isInstanceOf[T] is not supported for any trait T inheriting from js.Any. Consequently, pattern matching for such types is not supported either.

asInstanceOf[T] is completely erased for any T inheriting from js.Any, meaning that it does not perform any runtime check. It is always valid to cast anything to such a trait.

JavaScript field/method names and their Scala counterpart

Sometimes, a JavaScript API defines fields and/or methods with names that do not feel right in Scala. For example, jQuery objects feature a method named val(), which, obviously, is a keyword in Scala.

They can be defined in Scala in two ways. The trivial one is simply to use backquotes to escape them in Scala:

def `val`(): String = js.native
def `val`(v: String): this.type = js.native

However, it becomes annoying very quickly. An often better solution is to use the scala.scalajs.js.annotation.JSName annotation to specify the JavaScript name to use, which can be different from the Scala name:

def value(): String = js.native
def value(v: String): this.type = js.native

If necessary, several overloads of a method with the same name can have different @JSName’s. Conversely, several methods with different names in Scala can have the same @JSName.

Scala methods representing bracket access (obj[x])

The annotation scala.scalajs.js.annotation.JSBracketAccess can be used on methods to mark them as representing bracket access on an object. The target method must either have one parameter and a non-Unit result type (in which case it represents read access) or two parameters and a Unit result type (in which case it represents write access).

A typical example can be found in the js.Array[A] class itself, of course:

def apply(index: Int): A = js.native
def update(index: Int, v: A): Unit = js.native

The Scala method names are irrelevant for the translation to JavaScript. The duo apply/update is often a sensible choice, because it gives array-like access on Scala’s side as well, but it is not required to use these names.

Native JavaScript classes

It is also possible to define native JavaScript classes as Scala classes inheriting, directly or indirectly, from js.Any (like traits, usually from js.Object). The main difference compared to traits is that classes have constructors, hence they also provide instantiation of objects with the new keyword.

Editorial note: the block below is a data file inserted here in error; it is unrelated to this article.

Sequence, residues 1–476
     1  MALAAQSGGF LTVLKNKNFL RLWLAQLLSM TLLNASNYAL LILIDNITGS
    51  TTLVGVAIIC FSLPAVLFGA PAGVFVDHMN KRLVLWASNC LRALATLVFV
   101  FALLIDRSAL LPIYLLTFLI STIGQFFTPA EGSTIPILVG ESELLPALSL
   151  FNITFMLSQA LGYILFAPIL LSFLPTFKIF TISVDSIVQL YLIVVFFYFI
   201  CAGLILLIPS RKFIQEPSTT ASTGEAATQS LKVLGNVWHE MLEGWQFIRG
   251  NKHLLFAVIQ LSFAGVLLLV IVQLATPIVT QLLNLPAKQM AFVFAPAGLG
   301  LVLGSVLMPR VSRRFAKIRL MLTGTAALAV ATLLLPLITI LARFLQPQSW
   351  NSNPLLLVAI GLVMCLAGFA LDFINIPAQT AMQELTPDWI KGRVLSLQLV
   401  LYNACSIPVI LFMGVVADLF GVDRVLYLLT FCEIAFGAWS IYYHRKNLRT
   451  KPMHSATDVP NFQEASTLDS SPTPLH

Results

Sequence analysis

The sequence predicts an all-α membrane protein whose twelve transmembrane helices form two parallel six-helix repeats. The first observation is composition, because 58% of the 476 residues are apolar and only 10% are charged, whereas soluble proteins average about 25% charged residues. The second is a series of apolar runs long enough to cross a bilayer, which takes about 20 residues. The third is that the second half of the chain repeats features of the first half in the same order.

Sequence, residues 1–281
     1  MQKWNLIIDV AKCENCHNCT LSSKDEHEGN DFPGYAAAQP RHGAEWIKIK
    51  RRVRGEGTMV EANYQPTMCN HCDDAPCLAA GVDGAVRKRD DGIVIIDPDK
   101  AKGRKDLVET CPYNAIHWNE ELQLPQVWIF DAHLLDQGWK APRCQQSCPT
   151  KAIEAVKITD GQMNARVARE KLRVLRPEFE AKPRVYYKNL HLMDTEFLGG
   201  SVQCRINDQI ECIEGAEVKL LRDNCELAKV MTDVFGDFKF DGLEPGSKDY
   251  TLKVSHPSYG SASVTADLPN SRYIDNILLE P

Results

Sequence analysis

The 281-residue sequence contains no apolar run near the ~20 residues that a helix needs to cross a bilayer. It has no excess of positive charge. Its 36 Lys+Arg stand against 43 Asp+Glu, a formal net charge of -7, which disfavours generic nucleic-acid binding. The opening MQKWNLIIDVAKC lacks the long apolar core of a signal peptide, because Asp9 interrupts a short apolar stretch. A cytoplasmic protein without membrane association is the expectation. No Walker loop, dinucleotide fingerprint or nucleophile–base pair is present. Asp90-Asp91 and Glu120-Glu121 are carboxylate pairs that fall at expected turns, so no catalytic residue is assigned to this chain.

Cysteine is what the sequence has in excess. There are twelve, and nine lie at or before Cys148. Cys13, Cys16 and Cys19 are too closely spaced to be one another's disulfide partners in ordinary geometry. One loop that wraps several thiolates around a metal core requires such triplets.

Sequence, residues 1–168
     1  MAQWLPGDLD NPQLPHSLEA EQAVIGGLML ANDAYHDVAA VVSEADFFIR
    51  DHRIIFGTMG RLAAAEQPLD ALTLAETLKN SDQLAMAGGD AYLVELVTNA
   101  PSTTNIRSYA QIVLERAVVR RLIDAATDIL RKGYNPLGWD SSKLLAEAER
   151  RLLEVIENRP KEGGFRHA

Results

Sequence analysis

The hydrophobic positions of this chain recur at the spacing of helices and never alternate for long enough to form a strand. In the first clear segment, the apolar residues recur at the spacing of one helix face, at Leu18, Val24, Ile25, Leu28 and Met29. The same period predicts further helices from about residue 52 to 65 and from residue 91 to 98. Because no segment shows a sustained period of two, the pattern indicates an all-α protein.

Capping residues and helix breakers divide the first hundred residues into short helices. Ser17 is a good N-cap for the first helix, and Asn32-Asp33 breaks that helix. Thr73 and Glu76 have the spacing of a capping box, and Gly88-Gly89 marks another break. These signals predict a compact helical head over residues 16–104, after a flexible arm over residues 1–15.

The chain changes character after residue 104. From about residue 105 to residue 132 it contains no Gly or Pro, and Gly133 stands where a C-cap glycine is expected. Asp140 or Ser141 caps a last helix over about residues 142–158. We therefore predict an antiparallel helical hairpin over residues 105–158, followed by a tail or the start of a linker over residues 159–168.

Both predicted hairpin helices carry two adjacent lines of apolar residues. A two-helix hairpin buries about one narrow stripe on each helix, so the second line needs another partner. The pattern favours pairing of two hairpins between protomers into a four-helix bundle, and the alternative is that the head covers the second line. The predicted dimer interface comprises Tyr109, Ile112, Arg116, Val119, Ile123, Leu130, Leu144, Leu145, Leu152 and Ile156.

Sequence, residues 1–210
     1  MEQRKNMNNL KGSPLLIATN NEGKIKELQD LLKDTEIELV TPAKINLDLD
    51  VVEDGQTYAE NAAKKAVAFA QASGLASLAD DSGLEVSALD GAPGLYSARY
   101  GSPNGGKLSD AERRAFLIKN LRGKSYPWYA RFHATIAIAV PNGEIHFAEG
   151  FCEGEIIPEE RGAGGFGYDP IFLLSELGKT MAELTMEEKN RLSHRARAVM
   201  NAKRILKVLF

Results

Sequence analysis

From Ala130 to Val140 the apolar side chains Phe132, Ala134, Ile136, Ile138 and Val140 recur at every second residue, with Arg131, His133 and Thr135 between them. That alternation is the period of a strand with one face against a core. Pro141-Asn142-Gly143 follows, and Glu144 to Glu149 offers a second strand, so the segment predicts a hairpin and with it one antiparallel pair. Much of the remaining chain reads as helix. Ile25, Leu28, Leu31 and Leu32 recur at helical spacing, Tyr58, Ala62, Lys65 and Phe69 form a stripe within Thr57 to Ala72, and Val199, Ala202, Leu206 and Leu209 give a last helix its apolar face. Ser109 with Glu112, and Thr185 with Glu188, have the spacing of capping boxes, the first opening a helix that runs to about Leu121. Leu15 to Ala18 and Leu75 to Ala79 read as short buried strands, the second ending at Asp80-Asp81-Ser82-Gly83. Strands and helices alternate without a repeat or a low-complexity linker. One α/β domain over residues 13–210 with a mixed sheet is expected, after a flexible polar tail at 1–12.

The call new js.RegExp("[ab]*") will map to the obvious in JavaScript, i.e., new RegExp("[ab]*"), meaning that the identifier RegExp will be looked up in the global scope.

If it is impractical or inconvenient to declare the Scala class with the same name as the JavaScript class (e.g., because it is defined in a namespace, like THREE.Scene), the annotation scala.scalajs.js.annotation.JSName can be used to specify the JavaScript name:

class Scene extends js.Object


If the class does not have any constructor without argument, and it has to be subclassed, you may either decide to add a fake protected no-arg constructor, or call an inherited constructor with ???s as parameters.

isInstanceOf[C] is supported for classes inheriting from js.Any. It is implemented with an instanceof test. Pattern matching, including ClassTag-based matching, work accordingly.

As is the case for traits, asInstanceOf[C] is completely erased for any class C inheriting from js.Any, meaning that it does not perform any runtime check. It is always valid to cast anything to such a class.

Top-level JavaScript objects

JavaScript APIs often expose top-level objects with methods and fields. For example, the JSON object provides methods for parsing and emitting JSON strings. These can be declared in Scala.js with object’s inheriting directly or indirectly from js.Any (again, often js.Object).